The Los Angeles Lakers started well. Then the wheels fell off. They now have two options as to how they round out this season; trade or tank.
As we approach the NBA All-Star break, teams begin to self-evaluate, assess their situation, and make plans on how they want to end the season.
Forty-five games into the season, it’s fair to say the Los Angeles Lakers have so far been rocks and diamonds.
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Through the first 20 games, the famously optimistic Lakers fan was talking playoffs. The team was looking like they could beat anyone on their night and the youthful exuberance of the young core would keep that .500 pace right through to April.
But having gone 5-20 since the 10-10 start, the wheels have fallen off this group’s quest for a first playoff berth.
Now well below .500, we are looking at a more realistic prospect of 26-29 wins for the season. Despite that, it’s not unreasonable to assess the season so far and label it a success.
The young players are improving, they are buying into their new coach and most of all, they are showing glimpses of whats to come in the future.
Winning was never paramount this season but when you’ve got a self-entitled fan base like that of the Lakers, a reminder is needed — it’s a process.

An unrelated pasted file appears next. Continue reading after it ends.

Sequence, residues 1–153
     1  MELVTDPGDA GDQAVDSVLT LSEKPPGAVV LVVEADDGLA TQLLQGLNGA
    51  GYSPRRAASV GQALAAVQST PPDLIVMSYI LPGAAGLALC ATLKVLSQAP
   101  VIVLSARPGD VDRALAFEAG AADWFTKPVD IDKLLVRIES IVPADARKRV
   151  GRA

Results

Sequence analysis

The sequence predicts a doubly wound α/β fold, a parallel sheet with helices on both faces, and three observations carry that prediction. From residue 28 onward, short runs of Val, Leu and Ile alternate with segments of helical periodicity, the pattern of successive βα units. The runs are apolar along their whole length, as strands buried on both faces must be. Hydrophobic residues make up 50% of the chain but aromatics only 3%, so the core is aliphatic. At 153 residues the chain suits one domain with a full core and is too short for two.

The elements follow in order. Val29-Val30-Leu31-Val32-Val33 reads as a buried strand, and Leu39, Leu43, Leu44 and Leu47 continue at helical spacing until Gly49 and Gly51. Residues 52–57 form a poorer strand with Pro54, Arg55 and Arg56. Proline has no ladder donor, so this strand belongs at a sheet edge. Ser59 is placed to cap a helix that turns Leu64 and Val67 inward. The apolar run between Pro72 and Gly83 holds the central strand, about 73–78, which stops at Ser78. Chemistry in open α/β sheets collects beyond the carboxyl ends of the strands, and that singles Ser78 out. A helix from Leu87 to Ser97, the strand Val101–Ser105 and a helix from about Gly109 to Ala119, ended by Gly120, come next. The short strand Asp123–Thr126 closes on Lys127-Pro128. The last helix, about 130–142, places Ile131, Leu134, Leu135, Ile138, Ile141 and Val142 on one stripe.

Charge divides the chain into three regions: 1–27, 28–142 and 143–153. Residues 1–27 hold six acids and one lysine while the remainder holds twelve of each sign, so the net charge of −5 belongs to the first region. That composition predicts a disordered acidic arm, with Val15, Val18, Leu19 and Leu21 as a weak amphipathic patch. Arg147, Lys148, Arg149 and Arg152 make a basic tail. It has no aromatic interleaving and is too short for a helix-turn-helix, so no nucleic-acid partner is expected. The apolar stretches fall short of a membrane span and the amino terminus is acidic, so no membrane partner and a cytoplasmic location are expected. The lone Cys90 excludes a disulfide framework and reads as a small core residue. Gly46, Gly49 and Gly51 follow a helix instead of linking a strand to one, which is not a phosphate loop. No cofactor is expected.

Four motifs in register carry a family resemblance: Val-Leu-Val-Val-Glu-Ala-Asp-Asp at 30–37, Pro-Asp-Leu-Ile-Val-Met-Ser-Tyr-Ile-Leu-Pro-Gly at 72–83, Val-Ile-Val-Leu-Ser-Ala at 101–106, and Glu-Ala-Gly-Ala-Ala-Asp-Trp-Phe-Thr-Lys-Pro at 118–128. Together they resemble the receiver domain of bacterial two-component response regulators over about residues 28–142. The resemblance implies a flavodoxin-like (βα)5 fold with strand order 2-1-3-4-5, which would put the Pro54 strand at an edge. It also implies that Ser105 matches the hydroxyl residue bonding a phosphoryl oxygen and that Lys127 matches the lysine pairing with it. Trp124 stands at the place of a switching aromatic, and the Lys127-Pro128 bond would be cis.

That tagline isn’t only reserved for Joel Embiid and the Philidelphia 76ers. The Lakers have a process of their own and despite the false sense they were ahead of schedule after the 10-10 start, they aren’t.
The Lakers are right on track to be where most expected — it may not be in the best interest of the franchise, though.
With their 2017 first-round pick top-three protected, the Lakers need a whole heap of losses and even more luck on top to have the ping-pong balls bounce their way.
Mandatory Credit: Soobum Im-USA TODAY Sports
The thought of tanking is starting to creep into the social media-sphere much to the disgust of the Lakers purists. Never has the franchise been known to deliberately tank so obviously as they would have to in order to keep their pick, but it might be for the best.
The plan from here for the Lakers can either be to:
a) Keep playing their current rotation and end the season roughly 28-54. They improve on their franchise-worst 17-65 from last season and start to bring back some respectability to the purple and gold.
b) Increase the minutes of the youngsters — possibly trading Lou Williams in the process — and speed up their NBA internships. They likely sacrifice wins but improve their draft chances as a result.
Neither option lives up to the expectations commonly bestowed on a Lakers team but it’s all they’ve got.
As they take the break over the All-Star period, coach Luke Walton will be crunching the numbers and formulating a plan to round out the season.